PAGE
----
Using a method called synchrotron X-ray microtomography, the researchers created a virtual 3D version of a fossilized cockroach preserved in a piece of amber in Lebanon dating from the Lower Cretaceous (about 120 million years ago). The unfortunate roach expired in the act of relieving itself, leaving a partially extruded piece of fossilized poop, known as a coprolite, that contained bits of wood.
The wood particles had smooth edges, suggesting the roach didn't chew them. And the insect's digestive system wasn't capable of decomposing the wood. The most likely explanation, the researchers concluded, was that the roach ate some poop from an herbivorous dinosaur.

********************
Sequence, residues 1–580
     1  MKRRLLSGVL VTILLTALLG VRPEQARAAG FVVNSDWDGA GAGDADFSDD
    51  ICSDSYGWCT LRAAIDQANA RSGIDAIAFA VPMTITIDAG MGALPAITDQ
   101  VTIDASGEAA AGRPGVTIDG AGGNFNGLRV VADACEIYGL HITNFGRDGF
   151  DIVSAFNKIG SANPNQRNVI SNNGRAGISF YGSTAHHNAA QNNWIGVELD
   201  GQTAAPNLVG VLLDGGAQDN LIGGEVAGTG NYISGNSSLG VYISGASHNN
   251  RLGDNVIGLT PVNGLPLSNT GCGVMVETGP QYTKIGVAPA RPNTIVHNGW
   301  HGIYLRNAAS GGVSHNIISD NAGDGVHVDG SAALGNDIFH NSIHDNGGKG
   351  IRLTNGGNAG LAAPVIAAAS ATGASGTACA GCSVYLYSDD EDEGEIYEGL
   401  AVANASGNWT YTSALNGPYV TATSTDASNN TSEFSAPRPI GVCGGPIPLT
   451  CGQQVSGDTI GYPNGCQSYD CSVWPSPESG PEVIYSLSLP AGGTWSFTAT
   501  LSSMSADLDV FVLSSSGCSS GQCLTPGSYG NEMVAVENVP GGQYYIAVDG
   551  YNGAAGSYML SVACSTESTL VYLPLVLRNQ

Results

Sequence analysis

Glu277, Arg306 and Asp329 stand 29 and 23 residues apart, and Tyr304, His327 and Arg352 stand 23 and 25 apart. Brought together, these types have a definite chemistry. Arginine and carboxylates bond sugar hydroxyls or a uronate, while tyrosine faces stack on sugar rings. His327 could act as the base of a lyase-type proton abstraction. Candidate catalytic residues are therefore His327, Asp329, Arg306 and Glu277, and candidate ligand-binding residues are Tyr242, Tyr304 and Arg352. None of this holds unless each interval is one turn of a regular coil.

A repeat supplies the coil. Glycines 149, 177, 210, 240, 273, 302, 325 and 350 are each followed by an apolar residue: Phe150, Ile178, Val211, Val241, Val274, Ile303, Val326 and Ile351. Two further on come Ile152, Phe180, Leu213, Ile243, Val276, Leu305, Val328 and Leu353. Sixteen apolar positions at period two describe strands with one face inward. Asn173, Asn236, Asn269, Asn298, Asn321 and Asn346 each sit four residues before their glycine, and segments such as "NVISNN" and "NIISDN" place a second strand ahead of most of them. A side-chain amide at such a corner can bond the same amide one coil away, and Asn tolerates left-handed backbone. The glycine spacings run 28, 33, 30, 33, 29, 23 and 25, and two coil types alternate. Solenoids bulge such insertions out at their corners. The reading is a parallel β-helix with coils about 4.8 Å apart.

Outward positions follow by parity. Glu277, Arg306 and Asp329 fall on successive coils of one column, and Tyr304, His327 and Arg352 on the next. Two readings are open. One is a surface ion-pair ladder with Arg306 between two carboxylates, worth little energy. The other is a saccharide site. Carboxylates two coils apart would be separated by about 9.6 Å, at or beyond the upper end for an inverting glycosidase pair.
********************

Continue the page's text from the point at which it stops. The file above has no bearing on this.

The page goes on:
Other fossilized species of cockroaches have been found with undigested carbon-based debris in their guts, but only the bowel of the Blattulidae specimen contained wood. Members of the Blattulidae family represented about 1 percent of all insects and more than 30 percent of cockroaches alive during the Mesozoic, and probably co-existed with a dominant vertebrate group such as sauropod dinosaurs, the researchers said.